It also does the reverse: taking that single message format that your organization uses, and “translating” it into the unique format of the bank or PSP that it’s being sent to.
Take a payment API, for example. With a multi-bank API aggregator, a single message format containing all relevant payment information originates from your ERP and is translated automatically by the bank API aggregator into the newly concocted formats for all your various banks, countries, and even new payment channels.
Gain bank APIs without the pain
If everything about bank connectivity has advanced to bank APIs, does this mean treasury needs to prepare for another year or more of late nights and fire drills like they did when they setup their legacy connectivity?
My answer is a resounding NO.
No need to worry about bank API standardization. A multi-bank API aggregator takes care of normalizing everything to fit the unique format of your internal systems. No more fire drills to add a new format or bank last minute because adding a new bank or PSP is now as easy as flipping a switch at your provider.
What about the other 2 barriers?
Adapting to internal security standards. IT teams at today’s corporations use cutting-edge and ever-evolving security protocols to protect against fraud and other cybersecurity threats. Out of the box, bank APIs will not meet the unique security requirements of your company. Another nail in the coffin for those wishing to connect to bank APIs directly or waiting for bank APIs to become standardized. Fortunately, part of a bank API aggregator’s job is to adapt the bank APIs to meet your unique security standards.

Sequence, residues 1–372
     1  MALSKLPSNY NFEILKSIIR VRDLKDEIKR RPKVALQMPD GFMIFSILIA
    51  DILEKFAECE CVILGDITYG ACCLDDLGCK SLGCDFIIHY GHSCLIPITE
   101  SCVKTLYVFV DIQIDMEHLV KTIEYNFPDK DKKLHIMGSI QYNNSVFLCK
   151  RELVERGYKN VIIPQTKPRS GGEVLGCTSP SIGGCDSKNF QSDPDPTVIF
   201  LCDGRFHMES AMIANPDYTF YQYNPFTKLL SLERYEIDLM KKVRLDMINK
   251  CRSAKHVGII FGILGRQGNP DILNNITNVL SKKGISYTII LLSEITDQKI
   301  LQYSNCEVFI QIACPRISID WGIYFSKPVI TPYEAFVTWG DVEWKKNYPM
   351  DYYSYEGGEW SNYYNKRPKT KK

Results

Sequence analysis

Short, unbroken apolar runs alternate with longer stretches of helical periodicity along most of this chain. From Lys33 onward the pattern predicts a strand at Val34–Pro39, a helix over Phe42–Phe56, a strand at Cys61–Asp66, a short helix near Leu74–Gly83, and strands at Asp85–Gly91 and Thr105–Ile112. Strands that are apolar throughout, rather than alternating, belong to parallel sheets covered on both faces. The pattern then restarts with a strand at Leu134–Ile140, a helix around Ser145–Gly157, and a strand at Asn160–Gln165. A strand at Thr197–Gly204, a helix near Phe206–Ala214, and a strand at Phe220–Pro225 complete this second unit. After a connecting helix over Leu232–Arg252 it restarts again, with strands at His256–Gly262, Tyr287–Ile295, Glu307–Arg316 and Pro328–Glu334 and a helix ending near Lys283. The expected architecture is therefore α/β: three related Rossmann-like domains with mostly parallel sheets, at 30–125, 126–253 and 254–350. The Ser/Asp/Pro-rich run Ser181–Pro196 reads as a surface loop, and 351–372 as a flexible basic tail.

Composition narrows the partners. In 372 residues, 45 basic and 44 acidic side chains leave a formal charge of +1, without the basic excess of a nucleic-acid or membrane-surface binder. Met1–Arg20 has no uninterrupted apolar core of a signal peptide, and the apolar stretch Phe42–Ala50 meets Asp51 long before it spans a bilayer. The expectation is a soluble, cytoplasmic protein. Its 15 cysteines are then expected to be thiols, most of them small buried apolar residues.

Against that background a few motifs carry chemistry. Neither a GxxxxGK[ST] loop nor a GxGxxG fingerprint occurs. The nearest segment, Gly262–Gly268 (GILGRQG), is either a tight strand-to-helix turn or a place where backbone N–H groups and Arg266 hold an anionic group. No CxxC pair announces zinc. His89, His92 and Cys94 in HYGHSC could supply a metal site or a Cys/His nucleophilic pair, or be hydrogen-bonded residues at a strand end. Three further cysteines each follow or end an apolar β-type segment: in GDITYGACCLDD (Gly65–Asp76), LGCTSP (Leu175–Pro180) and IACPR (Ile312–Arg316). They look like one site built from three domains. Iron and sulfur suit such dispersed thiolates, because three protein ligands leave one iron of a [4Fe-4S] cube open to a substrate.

Integration with internal systems. If you’ve overcome the hurdles of bank API standardization and figured out how to adhere to internal security standards, there still remains the question of where you’re piping this bank data into. Is your TMS setup to consume this information? What about your ERP? A bank API aggregator will partner with you to share best practices from other users and make recommendations on how best to consume the data streams.
Finally, a bank API aggregator is responsible for all maintenance to keep up-to-date with bank API changes like format changes or upgrades.